Magic's in the Makeup
I don’t think I ever knew makeup existed until I was about eleven years old. I just took it for granted that all the starlets on Loveboat and Fantasy Island had big eyes and glistening lips. My mother had never worn makeup as far as I knew. Then one day I walked into my mother’s room and saw her putting on pink lipstick and blush, and blue eyeshadow, and my world changed forever. Turns out that she had gotten a makeup consultation for an imminent family portrait, and was practicing. In the portrait, she looks glamorous and beautiful in her dark blue kimono; my father looks elegant in his navy suit, my youngest brother and sister look like precocious royalty, and me and my next youngest brother look rather like the gawky, awkward and nerdy pre-teens that we were. Throughout the next year, my mother permitted me to wear a dab of lipgloss or blush on recital nights or other special occasions, lending me a bit of her glamorous image.
And then I entered junior high school. With contact lenses, a new school far away from the “geek” label I’d lived with in elementary school, and free range for self-expression, I reinvented Dora. I discovered black eyeliner and frosty eyeshadow, painted my hair with peroxide patterns, and learned to talk like a valley girl. Let’s just say that the next six years were filled with daily experimentation guided by magazines and best friend consultations. Yes, those were awkward years as well.
By the time I’d gotten to college, there was no time for daily make-up-ing. What with classes, walking to classes, institute and leadership roles, work, and physical activity, it was an unnecessary daily expenditure of time. It became a special occasion event … dances, extracurricular events, and when I was dating.
And then I got my first job … night nurse in a small PICU. And the problem with putting makeup on became that I had to spend a couple extra minutes taking it off when I got home in the morning. A couple extra minutes that I could have been sleeping.
Anyway, after a few years of un-make-up-ing, I’m finally ready to do pretty again. Not that I decry those who choose not to make these efforts. As evidenced by my checkered past, I reserve the right to switch allegiances at will. I have a strong belief in makeup. In this present stage, I might even go as far as to say that makeup is true. When it comes down to it, there are surprisingly few people who are actually physically ugly. I tend to think that almost everyone can be made more presentable with a good haircut and a little makeup. Maybe that’s why I love makeovers and Susannah and Trinny so much.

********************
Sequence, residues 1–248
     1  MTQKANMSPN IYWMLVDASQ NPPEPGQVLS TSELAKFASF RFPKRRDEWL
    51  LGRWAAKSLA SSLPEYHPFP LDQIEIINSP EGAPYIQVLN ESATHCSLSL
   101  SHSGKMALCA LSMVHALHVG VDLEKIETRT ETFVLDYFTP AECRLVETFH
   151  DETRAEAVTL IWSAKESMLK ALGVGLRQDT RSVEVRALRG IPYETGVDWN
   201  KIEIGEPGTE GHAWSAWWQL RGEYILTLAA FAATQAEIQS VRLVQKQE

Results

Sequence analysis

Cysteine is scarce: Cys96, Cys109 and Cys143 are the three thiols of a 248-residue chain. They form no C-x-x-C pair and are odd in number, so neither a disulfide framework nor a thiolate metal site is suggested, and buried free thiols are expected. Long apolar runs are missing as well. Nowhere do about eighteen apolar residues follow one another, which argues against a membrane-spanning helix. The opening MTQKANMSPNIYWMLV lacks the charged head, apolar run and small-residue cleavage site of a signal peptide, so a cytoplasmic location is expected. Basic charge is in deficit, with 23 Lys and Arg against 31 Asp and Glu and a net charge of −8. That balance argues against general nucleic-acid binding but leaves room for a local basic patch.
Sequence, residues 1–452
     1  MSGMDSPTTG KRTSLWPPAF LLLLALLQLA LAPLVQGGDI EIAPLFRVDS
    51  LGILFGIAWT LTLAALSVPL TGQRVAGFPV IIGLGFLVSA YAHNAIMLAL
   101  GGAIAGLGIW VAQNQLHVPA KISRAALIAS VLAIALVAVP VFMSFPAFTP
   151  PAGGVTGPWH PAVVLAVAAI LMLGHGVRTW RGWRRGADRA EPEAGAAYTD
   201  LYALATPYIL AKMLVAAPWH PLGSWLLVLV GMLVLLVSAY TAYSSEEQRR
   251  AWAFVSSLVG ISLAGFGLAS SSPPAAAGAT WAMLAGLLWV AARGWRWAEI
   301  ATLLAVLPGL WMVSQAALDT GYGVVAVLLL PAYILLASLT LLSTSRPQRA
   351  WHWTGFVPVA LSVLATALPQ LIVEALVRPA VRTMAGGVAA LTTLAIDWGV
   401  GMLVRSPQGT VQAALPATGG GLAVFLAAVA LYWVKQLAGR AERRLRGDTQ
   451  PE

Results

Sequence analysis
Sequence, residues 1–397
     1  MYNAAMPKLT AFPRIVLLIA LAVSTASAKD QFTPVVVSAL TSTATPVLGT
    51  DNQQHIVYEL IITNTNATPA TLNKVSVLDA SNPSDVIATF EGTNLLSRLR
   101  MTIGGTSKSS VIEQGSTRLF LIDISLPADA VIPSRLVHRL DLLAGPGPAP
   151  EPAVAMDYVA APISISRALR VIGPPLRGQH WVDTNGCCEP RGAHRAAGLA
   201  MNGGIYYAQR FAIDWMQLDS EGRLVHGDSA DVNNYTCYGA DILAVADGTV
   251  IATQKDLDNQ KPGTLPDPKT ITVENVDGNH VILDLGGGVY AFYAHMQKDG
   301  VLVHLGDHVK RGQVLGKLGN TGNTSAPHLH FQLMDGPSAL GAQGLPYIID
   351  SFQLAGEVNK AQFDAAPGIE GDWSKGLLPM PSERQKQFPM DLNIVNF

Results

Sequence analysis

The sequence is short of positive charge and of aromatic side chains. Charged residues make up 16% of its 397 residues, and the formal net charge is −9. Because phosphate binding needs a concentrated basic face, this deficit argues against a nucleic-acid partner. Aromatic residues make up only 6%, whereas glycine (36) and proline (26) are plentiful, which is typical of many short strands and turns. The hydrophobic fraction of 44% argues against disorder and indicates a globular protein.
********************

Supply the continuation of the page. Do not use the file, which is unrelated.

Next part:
So, a little makeup at work, and a little more for social occasions. And I actually feel more confident. More personable and magnetic. More inclined to speak out. More able to get hard-headed people to compromise. Magic’s in the makeup.
Or is it? I’m not sure if it’s the actual physicality of my presentation, or the invisible feather clutched in my hand that’s making the difference. Are people responding more favorably to me just because I put my hair up and put some eyeliner and powder on? Or is it that I feel more confident because of what I’ve done? If I were a more genuinely confident person, would I be able to get the same effect without putting on the frills? And what does this mean for young girls in a world where a certain type of physical beauty is so predominantly visual in all types of media? What have been your experiences with trying, or not, to find the magic in the makeup?